The above picture is of Brazilian waters courtesy of: Yahoo! New
The above picture is of Indonesian waters courtesy of: flickrhivemind.net
The above picture is of a Mumbai beach courtesy of: knowledge.allianz.com
The above picture is of the Citarum River in Indonesia courtesy of: turnbacktogod.com
The above picture is of the air in Shanghai, China courtesy of: thestar.com
Since the Industrial Revolution we have been continuously adding pollution to our air, seas and land. The United States is at the forefront of this catastrophe due to her insatiable desire for goods. The world, the developed world, is moving into the middle class faster then we ever could have imagined and with that comes consumerism. As people continue to make more money they will desire more and more “things” to make their lives easier, and who can blame them? We cannot, as Americans, tell the developing world that they have to slow down, not use as much, protect the environment etc when all they have to do is look at us and see just how much we use. We, the United States, will have to set an example for others to follow and although we have started protecting the environment we have a long way to go.
Ever since trade was opened up to the world, American corporations have searched high and low for people to make their goods at a lower and lower price so that those same corporations can make higher and higher profits, without giving any back to the worker. According to the Bureau of Labor Statistics, the average hourly wage of a Chinese worker is $1.36 while their average workday is 12 hours and their chance of having a workplace fatality is 0..96% compared the US at .0027% and Germany at .00187%. You would think, looking at these numbers that the cost of goods should be much lower than they are, right? According to CNBC, the cost to build an iPhone is just $199 but it is sold in the US for as much as $849. That’s a mark-up of $650 per iPhone. Why do they sale for so much? Well for two reasons. 1. Americans will pay it and 2. To increase profits and therefore please share-holders. According to Sky News, more than half of the 170,000 employees at FoxConn exceeded China’s max overtime limit of 36 hours as well as high numbers of suicides and industrial unrest.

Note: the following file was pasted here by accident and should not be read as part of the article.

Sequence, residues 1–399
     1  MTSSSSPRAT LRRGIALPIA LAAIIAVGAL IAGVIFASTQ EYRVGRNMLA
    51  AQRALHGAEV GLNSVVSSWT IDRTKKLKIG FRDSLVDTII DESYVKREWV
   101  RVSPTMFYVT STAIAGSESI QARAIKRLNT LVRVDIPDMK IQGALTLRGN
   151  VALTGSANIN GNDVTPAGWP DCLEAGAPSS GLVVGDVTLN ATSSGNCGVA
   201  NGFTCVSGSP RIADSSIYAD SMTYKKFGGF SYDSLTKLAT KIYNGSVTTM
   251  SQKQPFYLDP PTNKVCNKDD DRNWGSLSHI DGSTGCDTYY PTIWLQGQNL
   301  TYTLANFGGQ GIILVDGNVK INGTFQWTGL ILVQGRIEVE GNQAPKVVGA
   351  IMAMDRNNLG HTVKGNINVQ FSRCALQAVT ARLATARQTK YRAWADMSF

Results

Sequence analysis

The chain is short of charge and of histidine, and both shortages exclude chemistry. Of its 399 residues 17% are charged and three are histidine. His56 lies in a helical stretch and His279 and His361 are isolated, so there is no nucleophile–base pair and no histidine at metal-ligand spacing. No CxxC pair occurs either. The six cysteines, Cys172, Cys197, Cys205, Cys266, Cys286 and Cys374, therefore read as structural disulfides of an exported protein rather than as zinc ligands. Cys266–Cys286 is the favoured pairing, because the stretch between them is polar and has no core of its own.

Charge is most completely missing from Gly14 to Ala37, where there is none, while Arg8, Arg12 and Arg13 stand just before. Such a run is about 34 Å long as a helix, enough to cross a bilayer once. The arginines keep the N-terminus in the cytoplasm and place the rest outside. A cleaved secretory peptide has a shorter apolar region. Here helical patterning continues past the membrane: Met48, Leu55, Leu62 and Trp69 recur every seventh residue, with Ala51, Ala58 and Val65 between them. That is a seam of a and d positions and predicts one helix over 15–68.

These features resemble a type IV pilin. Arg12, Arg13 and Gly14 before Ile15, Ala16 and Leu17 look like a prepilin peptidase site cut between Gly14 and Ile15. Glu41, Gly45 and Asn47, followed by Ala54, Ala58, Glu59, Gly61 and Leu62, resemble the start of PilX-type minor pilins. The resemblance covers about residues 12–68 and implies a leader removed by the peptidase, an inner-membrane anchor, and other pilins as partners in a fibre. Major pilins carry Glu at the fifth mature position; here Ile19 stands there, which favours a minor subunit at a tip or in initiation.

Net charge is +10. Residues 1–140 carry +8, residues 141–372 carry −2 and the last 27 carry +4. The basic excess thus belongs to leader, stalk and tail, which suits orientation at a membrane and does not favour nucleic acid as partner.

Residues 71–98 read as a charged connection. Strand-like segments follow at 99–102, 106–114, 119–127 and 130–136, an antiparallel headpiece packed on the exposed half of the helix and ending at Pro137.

What is the price we are willing to pay for cheap products? One of the biggest concerns, in my opinion, is the apparent US government desire to keep workers underpaid and therefore in poverty in these areas. The US government condones this activity, albeit by their silence. They could pass legislation that says in order for a company to sell their products in the US, the factories in which those products were made will be held to the same standard as US factories, to include proportionate pay. There are steps we could take, as a government to significantly reduce world-wide pollution, we just simply choose not to.
American corporations, though indirectly many times, pollute to area in which their products are made by taking advantage of the loose restrictions on environmental protection. In America there are rules to say that companies cannot dump many chemicals directly into the water, meaning they must make those chemicals safe first; others rules may say that companies must “clean” their emissions. These rules cost that company money and therefore encourage those companies to move overseas where those rules may not exist. According to Greenpeace, big name brands to include Adidas, PUMA and Nike all relay on companies in China that knowingly pollute the waterways, and PUMA/Adidas said that they would not stop doing business with those companies after learning this.